FRIEDMAN: And why did they come there?
STAMBERG: Gold in the streets, was it?
FRIEDMAN: Yeah. Why didn't they stay in the Soviet Union?
STAMBERG: Of course, they saw more opportunities. That's true, Professor, but in terms of...
FRIEDMAN: Do they regret having come?
STAMBERG: Well, I think they did. I'm not saying...
FRIEDMAN: Don't you think that the most meaningful vote is a vote with your feet?
STAMBERG: So you're saying pack up and go back if it's so tough for you here?
FRIEDMAN: Well, how many have done so?... Don't misunderstand me. I'm saying if you really want to know what they really believe about the relative merits of the two systems, see what they do, not what they say. And what they do is to stay here. They don't go back. I think of my own family. My parents came here from Europe at the age of 14 and 16. And they had a hard time, a very difficult time, but it opened up a world of opportunity for them. And the same thing with these cab drivers whom you're talking about who are bitching about it. Look at what they do, not what they say.
Like I said before: A market is a crowd that has forgiven itself in advance for its avarice, saying greed is the norm. Mr. Friedman came up with his theories based as much as possible on the evidence he found. But he collected all his data in a field where human nature, that sad and sorry oxymoron, was the only "natural" force. The fuller context, the thoughtlessly exploited substrate of all life, our earth, was not a factor in Mr Friedman's calculations. Since a free market presumes all economic actors are indeed free to act it is presumed fair...but the future, our heirs, are not free to act. They are altogether absent unless our consciences or regulations of the market that would be to the advantage of no present player are enforced. [It occurs to me nature actually does get one rather sick sort of consideration: "depletion allowance" tax breaks for mineral resource exploiters]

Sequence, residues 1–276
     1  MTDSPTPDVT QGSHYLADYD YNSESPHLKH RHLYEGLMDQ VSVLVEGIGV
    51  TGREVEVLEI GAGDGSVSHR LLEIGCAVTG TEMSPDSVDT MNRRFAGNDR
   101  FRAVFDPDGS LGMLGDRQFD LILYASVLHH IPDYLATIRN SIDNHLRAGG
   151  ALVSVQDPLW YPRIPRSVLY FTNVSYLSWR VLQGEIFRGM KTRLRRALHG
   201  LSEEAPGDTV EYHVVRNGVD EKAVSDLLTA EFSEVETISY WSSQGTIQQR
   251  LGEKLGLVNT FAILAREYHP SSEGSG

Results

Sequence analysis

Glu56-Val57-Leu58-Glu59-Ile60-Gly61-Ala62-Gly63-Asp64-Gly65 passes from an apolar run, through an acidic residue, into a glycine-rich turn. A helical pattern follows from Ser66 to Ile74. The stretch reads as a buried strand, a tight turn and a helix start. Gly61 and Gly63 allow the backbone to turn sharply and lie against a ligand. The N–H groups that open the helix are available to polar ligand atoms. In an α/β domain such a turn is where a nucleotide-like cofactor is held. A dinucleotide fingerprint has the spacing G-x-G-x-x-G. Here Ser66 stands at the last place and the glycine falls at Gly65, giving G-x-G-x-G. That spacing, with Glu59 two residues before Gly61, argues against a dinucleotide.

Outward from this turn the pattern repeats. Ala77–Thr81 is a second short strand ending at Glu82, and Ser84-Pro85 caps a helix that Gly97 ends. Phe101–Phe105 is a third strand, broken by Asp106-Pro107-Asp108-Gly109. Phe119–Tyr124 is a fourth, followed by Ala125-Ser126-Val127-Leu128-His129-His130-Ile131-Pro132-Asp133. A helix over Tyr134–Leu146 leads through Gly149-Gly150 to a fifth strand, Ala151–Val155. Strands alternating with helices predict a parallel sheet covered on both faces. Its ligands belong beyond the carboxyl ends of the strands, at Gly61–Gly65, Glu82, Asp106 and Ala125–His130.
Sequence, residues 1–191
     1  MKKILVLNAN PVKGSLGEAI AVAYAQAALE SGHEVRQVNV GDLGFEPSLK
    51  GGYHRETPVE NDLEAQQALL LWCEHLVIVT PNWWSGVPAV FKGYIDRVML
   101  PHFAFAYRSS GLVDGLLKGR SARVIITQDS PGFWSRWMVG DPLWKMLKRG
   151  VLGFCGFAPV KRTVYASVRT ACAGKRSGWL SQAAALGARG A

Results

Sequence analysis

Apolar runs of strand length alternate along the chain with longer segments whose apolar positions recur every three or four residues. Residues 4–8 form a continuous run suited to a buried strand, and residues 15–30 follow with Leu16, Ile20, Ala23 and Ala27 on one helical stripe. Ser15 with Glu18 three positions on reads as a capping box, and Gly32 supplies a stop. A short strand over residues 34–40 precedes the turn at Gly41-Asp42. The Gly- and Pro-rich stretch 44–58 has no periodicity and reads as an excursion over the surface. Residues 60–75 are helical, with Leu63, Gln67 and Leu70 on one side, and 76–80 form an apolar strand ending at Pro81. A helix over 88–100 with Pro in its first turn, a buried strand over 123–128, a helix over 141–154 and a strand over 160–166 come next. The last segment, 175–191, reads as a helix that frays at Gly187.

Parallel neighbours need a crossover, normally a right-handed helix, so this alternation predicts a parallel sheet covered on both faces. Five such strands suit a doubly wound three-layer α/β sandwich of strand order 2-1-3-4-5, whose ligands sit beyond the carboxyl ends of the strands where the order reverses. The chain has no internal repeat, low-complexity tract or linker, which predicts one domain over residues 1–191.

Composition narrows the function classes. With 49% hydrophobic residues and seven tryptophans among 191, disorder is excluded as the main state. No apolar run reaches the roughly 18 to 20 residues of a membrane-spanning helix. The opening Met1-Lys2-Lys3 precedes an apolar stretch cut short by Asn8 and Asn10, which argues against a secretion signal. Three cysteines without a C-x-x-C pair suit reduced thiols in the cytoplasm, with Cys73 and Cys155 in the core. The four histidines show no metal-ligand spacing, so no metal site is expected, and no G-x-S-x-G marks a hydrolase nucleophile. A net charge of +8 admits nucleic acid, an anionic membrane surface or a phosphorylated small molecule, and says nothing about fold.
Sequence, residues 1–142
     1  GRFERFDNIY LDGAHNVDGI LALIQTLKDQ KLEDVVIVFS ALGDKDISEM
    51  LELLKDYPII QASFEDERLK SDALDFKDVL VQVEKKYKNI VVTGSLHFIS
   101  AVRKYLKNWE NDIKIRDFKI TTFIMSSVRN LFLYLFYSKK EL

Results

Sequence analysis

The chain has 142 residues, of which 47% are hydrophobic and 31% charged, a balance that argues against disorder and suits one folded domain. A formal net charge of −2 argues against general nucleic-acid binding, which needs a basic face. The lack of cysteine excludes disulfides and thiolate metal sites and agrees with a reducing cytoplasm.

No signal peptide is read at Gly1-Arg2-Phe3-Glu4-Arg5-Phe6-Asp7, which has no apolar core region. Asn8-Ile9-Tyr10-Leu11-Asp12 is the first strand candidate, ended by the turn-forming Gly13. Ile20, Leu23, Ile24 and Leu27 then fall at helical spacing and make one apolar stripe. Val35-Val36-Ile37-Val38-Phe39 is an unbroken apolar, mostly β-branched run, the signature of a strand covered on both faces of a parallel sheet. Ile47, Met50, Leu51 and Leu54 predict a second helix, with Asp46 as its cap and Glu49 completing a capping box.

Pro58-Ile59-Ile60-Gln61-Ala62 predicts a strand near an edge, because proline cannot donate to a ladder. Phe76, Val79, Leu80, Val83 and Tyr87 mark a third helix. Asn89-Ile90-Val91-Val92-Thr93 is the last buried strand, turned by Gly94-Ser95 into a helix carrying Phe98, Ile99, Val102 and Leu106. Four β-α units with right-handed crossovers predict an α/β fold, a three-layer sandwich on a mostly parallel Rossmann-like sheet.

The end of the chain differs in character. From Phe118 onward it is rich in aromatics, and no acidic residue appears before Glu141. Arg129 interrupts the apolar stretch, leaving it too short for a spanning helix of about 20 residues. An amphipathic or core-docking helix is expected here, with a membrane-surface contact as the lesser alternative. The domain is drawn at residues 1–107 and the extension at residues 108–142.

No parliament however inclusive of the day's political stake holders, no number of bomb laden planes, not even profit itself will sustain a "freedom" that in the long run is just another word for the selfishness of an economics that believes the interests of those present are all that count.
Note: The Chicago Tribune has one of the most detailed of the glowing retrospectives of this economist's extremely influential life, fitting in light of Milton's 30 year tenure at U of Chicago. Richard Adams at Guardian Unlimited points out that for all the effusive eulogies, it was a successor, Paul Samuelson, who gave advice to government that stayed in effect longer than most of Professor Friedman's directions.